There are many types of 12-hour compressed schedules. And for each general type, there are dozens of variations. Out of the hundreds of mathematical possibilities, HR professionals face a difficult challenge in finding a schedule that best meets the needs of both managers and employees. Following are brief descriptions of the most commonly used 12-hour schedule types. Evaluate them with your employees before adapting any particular one.
Named after the company where it originated in the late 1950s, its most notable feature is seven or eight straight days off during every 28-day rotation. The DuPont generally includes maximum work stretches of four days or nights and a short 24-hour break between three day-shifts and three night-shifts.
Most employees love having a built-in mini-vacation within every 28-day cycle.
Fatigue. The 24-hour break offers little time to recuperate between two three-day work stretches.
This schedule emerged in the 1960s but rose in popularity in the 1980s. It’s sometimes known as EOWEO-for “every other weekend off.” Employees follow a 14-day pattern of 2-days-on, 2-days-off, 3-days-on, 2-days-off, 2-days-on and 3-days-off.
Workers know they’ll have a three-day weekend off every other weekend and won’t have to work more than three night-shifts in a row.
Workers don’t get more than three days off in a row. Also, 2-3-2s that require workers to rotate rapidly from nights to days with each stretch of work can be fatiguing.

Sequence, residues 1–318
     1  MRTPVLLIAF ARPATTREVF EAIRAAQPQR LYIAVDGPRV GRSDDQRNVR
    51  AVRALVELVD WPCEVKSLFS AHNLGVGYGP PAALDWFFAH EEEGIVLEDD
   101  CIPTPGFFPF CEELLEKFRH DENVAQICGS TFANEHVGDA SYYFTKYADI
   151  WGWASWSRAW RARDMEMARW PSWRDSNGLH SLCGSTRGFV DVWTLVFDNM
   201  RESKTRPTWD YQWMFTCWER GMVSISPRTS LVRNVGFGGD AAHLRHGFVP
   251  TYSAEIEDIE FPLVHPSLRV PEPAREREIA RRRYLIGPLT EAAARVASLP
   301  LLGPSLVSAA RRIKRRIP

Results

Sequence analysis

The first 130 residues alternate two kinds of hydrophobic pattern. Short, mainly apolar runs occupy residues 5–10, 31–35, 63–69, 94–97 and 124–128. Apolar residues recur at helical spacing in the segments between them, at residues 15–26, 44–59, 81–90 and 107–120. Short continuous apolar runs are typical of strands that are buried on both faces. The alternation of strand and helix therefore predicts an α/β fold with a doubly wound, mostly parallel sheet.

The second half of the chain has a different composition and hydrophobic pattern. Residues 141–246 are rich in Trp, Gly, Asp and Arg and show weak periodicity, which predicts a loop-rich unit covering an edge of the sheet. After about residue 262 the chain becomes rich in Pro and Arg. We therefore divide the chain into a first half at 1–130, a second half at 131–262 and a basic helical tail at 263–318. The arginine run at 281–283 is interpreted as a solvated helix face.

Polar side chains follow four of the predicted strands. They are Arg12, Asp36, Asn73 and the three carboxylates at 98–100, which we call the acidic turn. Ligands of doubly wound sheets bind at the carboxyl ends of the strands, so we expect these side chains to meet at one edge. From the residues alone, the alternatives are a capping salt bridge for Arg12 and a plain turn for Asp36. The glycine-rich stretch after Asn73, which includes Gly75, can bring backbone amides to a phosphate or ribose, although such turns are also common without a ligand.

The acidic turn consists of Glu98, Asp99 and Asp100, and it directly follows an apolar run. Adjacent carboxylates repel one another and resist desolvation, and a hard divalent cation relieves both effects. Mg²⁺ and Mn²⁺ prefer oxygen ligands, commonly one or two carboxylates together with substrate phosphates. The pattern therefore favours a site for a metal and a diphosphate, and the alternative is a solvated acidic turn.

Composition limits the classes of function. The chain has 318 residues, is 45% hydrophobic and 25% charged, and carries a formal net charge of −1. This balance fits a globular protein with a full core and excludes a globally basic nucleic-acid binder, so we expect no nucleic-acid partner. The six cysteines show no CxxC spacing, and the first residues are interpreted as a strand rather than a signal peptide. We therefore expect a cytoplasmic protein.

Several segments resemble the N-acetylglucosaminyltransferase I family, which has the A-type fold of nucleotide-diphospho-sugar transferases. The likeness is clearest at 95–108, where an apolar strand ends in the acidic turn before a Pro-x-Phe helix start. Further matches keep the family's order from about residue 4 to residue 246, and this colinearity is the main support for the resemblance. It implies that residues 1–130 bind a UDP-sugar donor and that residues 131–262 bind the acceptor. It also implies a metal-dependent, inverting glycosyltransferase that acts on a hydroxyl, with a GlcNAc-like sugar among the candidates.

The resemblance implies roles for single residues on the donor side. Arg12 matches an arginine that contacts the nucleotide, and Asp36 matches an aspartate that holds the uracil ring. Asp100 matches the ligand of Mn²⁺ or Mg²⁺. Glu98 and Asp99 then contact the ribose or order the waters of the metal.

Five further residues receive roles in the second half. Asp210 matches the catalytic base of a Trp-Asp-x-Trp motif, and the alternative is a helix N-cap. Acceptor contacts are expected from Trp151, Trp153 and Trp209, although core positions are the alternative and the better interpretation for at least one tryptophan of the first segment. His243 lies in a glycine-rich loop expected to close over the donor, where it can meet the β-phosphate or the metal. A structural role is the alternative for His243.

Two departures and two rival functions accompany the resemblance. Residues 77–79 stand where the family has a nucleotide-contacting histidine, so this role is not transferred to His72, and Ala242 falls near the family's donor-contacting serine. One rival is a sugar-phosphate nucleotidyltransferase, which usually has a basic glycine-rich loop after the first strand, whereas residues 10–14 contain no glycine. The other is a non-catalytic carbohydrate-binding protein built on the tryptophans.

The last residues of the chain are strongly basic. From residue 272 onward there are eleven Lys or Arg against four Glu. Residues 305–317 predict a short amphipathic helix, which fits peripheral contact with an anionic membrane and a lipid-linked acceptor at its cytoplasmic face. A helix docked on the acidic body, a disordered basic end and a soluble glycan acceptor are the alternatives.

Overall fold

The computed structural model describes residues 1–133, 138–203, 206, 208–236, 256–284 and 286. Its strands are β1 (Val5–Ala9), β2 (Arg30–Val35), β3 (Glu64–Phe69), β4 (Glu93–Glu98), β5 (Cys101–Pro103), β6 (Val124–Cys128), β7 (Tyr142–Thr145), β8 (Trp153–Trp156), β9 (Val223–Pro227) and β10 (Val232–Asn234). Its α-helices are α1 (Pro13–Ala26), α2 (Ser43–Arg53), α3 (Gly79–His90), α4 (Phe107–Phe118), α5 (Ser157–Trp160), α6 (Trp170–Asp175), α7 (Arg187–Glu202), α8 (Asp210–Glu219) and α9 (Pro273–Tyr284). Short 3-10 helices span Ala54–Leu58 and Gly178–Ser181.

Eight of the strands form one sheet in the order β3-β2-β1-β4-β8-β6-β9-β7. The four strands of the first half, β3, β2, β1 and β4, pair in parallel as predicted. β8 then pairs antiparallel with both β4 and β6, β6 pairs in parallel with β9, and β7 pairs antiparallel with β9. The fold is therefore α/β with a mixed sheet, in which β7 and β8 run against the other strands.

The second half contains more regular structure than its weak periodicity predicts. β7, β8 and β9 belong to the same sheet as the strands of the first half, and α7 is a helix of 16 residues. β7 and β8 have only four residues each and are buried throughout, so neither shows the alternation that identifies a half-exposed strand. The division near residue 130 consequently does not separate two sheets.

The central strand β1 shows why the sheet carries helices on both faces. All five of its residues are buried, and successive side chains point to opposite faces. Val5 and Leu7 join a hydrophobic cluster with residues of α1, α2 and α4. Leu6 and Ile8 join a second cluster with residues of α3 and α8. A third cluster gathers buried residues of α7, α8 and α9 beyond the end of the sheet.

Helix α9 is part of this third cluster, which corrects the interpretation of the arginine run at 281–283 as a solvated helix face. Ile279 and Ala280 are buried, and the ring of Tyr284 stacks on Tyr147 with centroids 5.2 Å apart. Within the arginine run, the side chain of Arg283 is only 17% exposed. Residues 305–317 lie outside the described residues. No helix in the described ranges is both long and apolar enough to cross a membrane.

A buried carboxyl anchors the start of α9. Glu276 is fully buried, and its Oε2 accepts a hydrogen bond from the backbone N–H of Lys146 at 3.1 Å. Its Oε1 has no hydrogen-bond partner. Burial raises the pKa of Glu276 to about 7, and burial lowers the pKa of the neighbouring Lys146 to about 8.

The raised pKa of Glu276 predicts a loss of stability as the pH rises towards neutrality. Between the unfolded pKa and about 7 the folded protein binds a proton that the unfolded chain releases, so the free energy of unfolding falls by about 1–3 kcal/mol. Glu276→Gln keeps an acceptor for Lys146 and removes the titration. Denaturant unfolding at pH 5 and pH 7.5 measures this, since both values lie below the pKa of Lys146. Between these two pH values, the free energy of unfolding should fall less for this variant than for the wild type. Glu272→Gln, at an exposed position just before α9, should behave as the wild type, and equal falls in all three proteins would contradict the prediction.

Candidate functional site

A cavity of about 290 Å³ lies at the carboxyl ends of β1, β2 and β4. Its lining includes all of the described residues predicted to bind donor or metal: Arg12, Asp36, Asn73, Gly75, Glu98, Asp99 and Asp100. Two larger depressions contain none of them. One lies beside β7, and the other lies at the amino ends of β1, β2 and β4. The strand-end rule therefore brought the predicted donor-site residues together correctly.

Four On, Four Off
Employees work four days or nights and then have four days or nights off. At some companies, workers stay on nights for as long as 24 days; at others, they switch every eight days.
This schedule offers workers enough time off to recuperate. Also, in every eight-week cycle, workers have one period in which they get three straight weekends off.
Because there are only seven days a week and the schedule has an eight-day pattern, a worker’s days off move one day forward per week. Also, for every eight-week cycle, workers have five straight weekends in which they must work at least one weekend day.
While the above 12-hour schedules are the most common, companies in North America use other configurations:
- 3-days-on, 3-days-off (far more popular in Canada)
- Schedules that combine 3 or 4 days or nights on with 3 or 4 days off
- 4-days-on, 5-days-off, 5-days-on, 4-days-off, 5-days-on, 5-days-off
- Numerous variations of the DuPont.
SOURCE: ShiftWork Alert, a publication of Circadian Technologies Inc. in Cambridge, Massachusetts.
July 1997, Vol. 76, No. 7, p.36.